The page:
However, TDP-43 aggregates have been described in the skeletal muscles from patients with various diseases, including sporadic inclusion body myositis (IBM) [7, 26], ALS with TARDBP mutation , IBM with Paget’s disease of the bone and fronto-temporal dementia [3, 25], polymyositis with mitochondrial pathology , non-IBM myopathies with rimmed vacuoles (limb girdle muscular dystrophy and myotonic dystrophy type 2) , distal hereditary motor neuropathy and myofibrillary myopathy with HSPB8 mutation , limb girdle muscular dystrophy with DNAJB6 mutation , myofibrillar myopathies (myotilinopathy and desminopathies) , oculopharyngeal muscular dystrophy and distal myopathy with rimmed vacuoles and GNE mutation  and hereditary motor and sensory neuropathy . Thus, the number of neuromuscular diseases (NMDs) with TDP-43 inclusions in the skeletal muscles has been increased. Moreover, Vogler et al. reported that TDP-43 and RNA form amyloid-like myo-granules in regenerating muscle fibers, suggesting that myo-granules could be the source of cytoplasmic TDP-43 aggregates .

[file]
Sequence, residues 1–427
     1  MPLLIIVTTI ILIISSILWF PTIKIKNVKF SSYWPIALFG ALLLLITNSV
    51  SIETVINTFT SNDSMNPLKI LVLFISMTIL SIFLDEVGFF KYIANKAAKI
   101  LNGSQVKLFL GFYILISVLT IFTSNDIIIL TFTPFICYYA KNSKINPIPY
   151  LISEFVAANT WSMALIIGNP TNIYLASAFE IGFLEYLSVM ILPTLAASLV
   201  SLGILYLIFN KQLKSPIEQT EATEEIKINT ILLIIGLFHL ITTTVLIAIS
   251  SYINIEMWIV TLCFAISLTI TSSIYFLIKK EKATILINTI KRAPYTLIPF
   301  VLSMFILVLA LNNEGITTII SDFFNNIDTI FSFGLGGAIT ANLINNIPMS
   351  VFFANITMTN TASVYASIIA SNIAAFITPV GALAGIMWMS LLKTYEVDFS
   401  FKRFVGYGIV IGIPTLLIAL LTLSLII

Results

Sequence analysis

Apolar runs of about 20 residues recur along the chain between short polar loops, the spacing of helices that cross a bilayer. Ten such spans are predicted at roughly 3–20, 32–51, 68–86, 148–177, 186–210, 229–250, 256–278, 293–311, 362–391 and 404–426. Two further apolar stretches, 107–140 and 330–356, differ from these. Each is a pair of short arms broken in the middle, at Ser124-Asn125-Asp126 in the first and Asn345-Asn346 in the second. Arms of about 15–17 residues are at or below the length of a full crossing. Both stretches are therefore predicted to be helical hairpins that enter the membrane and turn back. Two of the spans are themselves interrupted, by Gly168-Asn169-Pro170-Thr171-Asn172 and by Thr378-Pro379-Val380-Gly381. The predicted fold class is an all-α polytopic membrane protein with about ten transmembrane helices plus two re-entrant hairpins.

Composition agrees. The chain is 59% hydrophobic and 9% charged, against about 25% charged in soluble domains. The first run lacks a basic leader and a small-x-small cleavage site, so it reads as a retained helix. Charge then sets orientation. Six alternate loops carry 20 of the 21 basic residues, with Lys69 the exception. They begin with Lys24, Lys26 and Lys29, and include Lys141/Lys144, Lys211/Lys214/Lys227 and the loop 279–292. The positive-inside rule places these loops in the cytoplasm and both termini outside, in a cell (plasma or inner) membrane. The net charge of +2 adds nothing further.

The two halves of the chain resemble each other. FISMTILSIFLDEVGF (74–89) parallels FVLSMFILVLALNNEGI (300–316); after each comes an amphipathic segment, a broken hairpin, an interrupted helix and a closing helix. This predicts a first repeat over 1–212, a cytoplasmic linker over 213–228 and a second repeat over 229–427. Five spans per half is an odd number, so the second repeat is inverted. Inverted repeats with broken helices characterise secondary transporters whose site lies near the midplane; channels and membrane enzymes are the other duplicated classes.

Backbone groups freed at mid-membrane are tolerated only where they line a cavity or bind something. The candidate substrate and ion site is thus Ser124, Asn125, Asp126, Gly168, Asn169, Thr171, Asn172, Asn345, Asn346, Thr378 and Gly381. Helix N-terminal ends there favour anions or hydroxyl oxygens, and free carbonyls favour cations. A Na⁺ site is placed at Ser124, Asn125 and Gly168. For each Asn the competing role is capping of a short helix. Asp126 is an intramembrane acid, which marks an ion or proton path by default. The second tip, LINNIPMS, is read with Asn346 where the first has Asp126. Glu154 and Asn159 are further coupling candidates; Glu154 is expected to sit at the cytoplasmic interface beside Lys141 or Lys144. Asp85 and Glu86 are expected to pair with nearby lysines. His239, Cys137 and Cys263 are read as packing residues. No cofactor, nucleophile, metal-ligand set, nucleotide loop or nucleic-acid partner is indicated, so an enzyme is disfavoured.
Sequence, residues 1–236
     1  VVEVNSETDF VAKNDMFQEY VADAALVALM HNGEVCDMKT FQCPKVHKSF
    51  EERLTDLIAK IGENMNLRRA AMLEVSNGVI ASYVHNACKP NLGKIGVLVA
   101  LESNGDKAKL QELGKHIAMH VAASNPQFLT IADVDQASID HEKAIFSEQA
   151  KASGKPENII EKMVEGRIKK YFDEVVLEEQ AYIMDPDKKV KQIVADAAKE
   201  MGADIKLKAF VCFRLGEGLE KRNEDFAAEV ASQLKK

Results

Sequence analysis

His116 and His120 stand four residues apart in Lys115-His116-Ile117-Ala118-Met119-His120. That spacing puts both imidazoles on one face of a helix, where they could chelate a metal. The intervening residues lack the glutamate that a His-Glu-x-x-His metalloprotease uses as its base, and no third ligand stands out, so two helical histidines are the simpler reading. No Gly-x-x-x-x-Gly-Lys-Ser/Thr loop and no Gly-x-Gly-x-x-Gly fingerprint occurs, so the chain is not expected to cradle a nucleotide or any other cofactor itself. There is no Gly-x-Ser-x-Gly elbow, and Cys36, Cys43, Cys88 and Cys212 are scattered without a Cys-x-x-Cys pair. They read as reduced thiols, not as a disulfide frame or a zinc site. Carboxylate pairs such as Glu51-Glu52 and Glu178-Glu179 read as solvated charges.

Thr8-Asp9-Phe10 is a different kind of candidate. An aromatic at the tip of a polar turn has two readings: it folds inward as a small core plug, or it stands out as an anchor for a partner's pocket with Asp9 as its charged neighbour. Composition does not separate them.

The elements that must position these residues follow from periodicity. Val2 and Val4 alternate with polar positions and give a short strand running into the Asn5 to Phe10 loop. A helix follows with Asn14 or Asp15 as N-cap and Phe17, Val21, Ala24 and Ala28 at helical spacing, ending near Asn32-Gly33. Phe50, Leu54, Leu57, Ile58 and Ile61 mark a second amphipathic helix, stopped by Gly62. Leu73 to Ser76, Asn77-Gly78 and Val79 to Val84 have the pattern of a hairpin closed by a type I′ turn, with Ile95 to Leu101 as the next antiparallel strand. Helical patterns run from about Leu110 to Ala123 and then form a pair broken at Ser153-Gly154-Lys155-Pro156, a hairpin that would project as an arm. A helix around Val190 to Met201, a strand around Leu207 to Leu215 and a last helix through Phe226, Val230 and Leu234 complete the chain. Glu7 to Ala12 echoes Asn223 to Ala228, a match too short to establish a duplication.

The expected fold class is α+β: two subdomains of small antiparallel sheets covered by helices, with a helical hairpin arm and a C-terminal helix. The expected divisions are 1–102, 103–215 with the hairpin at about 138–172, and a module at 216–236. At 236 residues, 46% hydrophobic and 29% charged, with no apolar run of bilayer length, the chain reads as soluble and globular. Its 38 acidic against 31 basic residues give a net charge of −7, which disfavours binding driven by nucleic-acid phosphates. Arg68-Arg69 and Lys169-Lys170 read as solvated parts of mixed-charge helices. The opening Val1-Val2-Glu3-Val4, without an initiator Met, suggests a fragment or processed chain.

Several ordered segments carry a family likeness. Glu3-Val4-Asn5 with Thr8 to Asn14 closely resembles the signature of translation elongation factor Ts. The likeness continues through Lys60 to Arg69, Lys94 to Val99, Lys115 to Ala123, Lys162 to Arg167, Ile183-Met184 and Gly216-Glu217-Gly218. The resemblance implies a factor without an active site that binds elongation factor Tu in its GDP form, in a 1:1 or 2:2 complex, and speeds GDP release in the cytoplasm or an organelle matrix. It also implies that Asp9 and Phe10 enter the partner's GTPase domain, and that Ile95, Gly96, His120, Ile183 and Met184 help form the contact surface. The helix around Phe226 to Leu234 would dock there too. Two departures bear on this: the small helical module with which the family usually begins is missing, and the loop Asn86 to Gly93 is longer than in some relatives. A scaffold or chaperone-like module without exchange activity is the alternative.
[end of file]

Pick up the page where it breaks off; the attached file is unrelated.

Recently, Cykowski et al. demonstrated pTDP-43 aggregates in the skeletal muscles of 19 among 57 patients (33.3%) with ALS, including sporadic and familial cases, being more common in the axial muscles (paraspinous muscles and diaphragm) than in the appendicular muscles . Among 25 non-ALS muscle samples, pTDP-43 aggregates were seen only in four patients with IBM.
The growing list of reports on TDP-43 aggregates in the skeletal muscles from patients with ALS and various NMDs prompted us to investigate the significance of pTDP-43 aggregates as a pathological marker in muscle tissue. Using immunohistochemistry, we examined the skeletal and cardiac muscles of patients with sporadic ALS, and also patients with NMDs and non-NMDs. Here we report that pTDP-43 aggregates are present in both skeletal and cardiac muscles in various conditions, including ALS as well as NMDs and non-NMDs, and that these aggregates are associated with myogenic muscle degeneration.
Materials and methods